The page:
Sherlock's head felt like it was about to split in two. He knew this feeling, although it hadn't happened quite this badly in more than a year. He had sequestered himself in his room with the lights off and the shades drawn so that not even the smallest bit of light from the abominably cheerful sun (why did it actually have to be sunny, today of all days?) outside could get in. John was trying to be quiet, but Sherlock felt like every sound was multiplied ten, an hundred, a thousand times until even the sound of his own breathing made it feel as if someone was using his head for a timpani drum.

John had asked three times over the past two hours if there was anything he could do. Sherlock sent him away each time, knowing that nothing John could do would do any good at all.

Finally, after John's fourth try, Sherlock texted Mycroft. Even the small light from his phone sent daggers through his brain.

Headache. Help.
SH

Half of an eternity of an hour later, he heard footsteps outside of his door. The small tap of Mycroft's umbrella being propped against the wall made Sherlock flinch.

"You should have called me straight away," Mycroft said softly as he entered.

"Thought it would stop," Sherlock mumbled, trying to be both nearly silent but still audible. He heard the slip of fabric on fabric as Mycroft removed his tie, the slight rustle of a jacket being removed, the soft slick of laces and the thud of shoes taken off. Mycroft padded around the bed so he was behind Sherlock, and the bed dipped as he climbed in.

Warm, dry hands rested against Sherlock's neck just where the base of his skull ended. Mycroft rubbed slow, gentle circles there, softly at first and then applying more pressure as the muscles relaxed.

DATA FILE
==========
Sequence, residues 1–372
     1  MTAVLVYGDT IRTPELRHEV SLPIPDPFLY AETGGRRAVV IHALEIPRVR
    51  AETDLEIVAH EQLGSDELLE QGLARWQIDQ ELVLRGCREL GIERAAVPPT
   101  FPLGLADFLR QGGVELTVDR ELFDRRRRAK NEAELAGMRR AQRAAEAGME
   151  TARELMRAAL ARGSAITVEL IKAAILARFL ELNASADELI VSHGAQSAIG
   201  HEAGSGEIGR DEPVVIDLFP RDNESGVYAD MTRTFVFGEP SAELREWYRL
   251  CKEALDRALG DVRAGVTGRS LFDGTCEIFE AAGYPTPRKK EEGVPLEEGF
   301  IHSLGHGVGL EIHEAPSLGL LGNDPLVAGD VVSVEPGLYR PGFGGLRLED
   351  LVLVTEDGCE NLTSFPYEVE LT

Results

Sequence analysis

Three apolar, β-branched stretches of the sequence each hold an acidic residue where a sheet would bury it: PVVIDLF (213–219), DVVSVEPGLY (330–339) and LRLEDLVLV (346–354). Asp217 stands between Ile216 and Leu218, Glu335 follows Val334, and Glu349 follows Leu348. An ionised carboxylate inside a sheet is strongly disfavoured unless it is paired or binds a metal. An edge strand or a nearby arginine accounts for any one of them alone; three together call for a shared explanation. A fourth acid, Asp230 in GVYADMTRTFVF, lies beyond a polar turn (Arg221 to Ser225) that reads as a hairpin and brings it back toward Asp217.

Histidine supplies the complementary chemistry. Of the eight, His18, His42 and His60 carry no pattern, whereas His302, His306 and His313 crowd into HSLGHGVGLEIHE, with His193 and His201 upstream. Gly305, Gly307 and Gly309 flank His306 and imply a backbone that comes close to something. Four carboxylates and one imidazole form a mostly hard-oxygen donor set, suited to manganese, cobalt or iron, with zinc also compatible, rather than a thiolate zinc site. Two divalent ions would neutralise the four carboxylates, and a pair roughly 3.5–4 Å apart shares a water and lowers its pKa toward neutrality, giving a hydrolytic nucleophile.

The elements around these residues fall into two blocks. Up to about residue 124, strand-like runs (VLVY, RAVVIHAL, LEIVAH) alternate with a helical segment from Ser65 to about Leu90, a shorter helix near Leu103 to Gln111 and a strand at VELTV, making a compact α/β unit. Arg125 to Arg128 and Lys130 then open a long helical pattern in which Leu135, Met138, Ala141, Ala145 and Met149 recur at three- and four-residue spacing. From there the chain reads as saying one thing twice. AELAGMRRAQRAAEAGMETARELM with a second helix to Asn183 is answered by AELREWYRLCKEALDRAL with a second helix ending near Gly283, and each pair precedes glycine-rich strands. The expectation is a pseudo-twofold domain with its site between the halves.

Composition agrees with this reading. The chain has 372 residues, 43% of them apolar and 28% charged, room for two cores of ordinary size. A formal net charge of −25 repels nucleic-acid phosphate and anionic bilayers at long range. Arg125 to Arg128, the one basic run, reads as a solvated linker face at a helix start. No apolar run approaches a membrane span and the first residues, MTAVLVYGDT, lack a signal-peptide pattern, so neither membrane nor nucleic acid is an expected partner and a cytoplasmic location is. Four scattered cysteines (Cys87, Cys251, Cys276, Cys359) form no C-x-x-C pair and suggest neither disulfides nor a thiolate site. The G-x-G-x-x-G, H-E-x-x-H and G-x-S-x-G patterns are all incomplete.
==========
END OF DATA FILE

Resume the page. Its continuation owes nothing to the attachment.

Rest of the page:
Sherlock turned over so he was under Mycroft's arm with his head resting just under Mycroft's heart. The slow, muffled thudding was relaxing, as was the hand slowly massaging the muscles in his neck.

Slowly, as the pain faded and the tension hard muscles relaxed, Sherlock fell asleep.

Mycroft knew the instant Sherlock's headache had gone. The crease in his brother's brow had smoothed itself out. Sherlock looked ten years younger when he slept, and the memory of the nights they had spent like this as children came rushing back. Sherlock, prickly and misunderstood, had had these headaches all his life. And Mycroft had been the one who, when Sherlock was eleven, had figured out how to make them stop.

Mycroft pressed a light kiss to Sherlock's forehead and extracted himself carefully. Moving silently (a skill he'd perfected out of necessity) he put on his tie, jacket, and shoes before he let himself out of Sherlock's room.

"Is he all right?" John asked when he saw Mycroft emerge.

"He'll be fine when he wakes up," Mycroft replied. "He's had headaches like this since adolescence. He hasn't had one in several months, though, or at least he hasn't told me if he has."

"I've never seen him like that," John said. "What'd you give him?"

"The only thing I've found that works," Mycroft replied. "A bit of peace."